It’s easy to feel defensive about the term, “racist.” Most people don’t want to be identified in this way. Generally our society frowns upon the notion of hurting someone or holding them back just because of the color of their skin. And that’s a good thing!
It’s easy to say, “I’m not racist” and to believe that being a “good person” in our society is defined by working, tending to self and family, believing in a higher power like God, and not actively engaging in acts of bigotry and hatred against people with darker skin. It’s not enough.
You see, racism is actually a system that was built by design. We have made some progress to extend rights to those who were explicitly excluded from the American dream. But we have also time and time again retreated from those legal declarations and never experienced a full transformation of the system that still holds people with darker skin down. White supremacy doesn’t have to look like the KKK. There is something much more insidious at work, and it’s as American as apple pie.
So when you tell me that you’re not racist, I truly want to believe you. And for me to believe you, I need you to do something for me. I need you to commit yourself to unlearning the PR story of America we were taught in school that glorifies white men above all others. I need you to spend the time learning the dreadful truth of what it took to build all the abundance we see around us. It couldn’t have happened without free labor brought about by violence and oppression.
You’ll need to give yourself space to process what you learn. It’s an emotional journey like no other. It will contradict and challenge most of what you think you know about our great nation, and how it’s actually never been great for everyone.
The good news is that we can choose to start building a country with freedom, liberty, justice, equity, and the pursuit of happiness for all. But we’ll never get there if we are still stuck on saying we’re not a racist without doing the deeper work.
We need you. And if you don’t do this work, then I don’t believe you when you say, “I’m not racist.” Because by remaining silent and not acting, you are allowing racist systems to carry on just as they were designed. I hear you say that you aren’t racist. I hear that you don’t think racism is good.
But I need you to show up to this discussion. It’s in the water. You’ve been drinking it for years.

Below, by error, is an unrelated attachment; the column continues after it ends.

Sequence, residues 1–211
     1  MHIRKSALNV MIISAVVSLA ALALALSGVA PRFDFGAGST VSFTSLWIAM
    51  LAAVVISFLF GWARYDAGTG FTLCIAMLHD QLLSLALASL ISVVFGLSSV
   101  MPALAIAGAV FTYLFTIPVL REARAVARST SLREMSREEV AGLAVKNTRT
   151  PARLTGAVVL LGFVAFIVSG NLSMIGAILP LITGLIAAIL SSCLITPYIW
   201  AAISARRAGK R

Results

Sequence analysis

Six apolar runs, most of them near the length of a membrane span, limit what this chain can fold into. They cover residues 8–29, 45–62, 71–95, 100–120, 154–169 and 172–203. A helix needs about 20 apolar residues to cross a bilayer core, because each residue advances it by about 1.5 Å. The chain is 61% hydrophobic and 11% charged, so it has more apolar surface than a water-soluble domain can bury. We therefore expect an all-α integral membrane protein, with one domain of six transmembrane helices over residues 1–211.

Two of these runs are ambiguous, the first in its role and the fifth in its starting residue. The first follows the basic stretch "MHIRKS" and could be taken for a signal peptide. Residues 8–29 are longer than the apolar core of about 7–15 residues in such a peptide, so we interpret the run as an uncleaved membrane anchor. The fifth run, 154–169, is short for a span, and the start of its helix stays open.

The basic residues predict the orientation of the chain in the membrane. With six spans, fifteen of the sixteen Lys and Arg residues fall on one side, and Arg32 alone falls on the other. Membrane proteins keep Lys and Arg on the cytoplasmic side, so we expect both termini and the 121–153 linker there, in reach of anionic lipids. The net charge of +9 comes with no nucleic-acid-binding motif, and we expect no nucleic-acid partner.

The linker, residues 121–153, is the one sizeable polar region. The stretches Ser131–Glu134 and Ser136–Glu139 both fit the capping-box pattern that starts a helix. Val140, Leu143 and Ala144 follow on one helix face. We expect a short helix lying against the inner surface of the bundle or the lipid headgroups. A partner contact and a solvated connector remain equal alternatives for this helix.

So have I.
Note: This article was originally published as a Together is Better Alliance Perspective.
Previous Writings by Andy
Grieving My Loss of Worldview, Andy Swindler, (1/21/19). Click here for article.
Beyond Grief: The Paradox of Patience, Andy Swindler, (1/20/20). Click here for article.
“We the People”
Tedx Talks, Jan. 24, 2019, Mark Charles, Click here
Holy Post – Race in America
June 14, 2020, Phil Vischer, Click here
Mashable, June 2, 2020
6 ways to be antiracist, because being ‘not racist’ isn’t enough
Amplify is Mashable’s series on raising awareness, spotlighting issues, and taking action. In this article, Ruiz breaks down Ibram X. Kendi’s book, How to be An Anti-racist into 6 things a person can do to be antiracist. She asserts that the only way to do it is through honest self-reflection and critical thinking. Click here. Rebecca Ruiz
CNBC Make It, Work Segment, June 15, 2020
Companies are speaking out against racism, but here’s what it really looks like to lead an anti-racist organization
In this time of racial unrest and protests, some companies appear to be making changes to their policies and practices in order to be an antiracist company. Click here. Jennifer Liu
Teaching Tolerance Newsletter, June 30, 2020
Anti-Racist Work in Schools: Are You in it for the Long Haul?
Teaching Tolerance is a project of the Southern Poverty Law Center. In the wake of Black Lives Matter protests, educators and schools across the nation are planning anti-racist work. How will you ensure your school isn’t just going through the motions? Click here. Elizabeth Kleinrock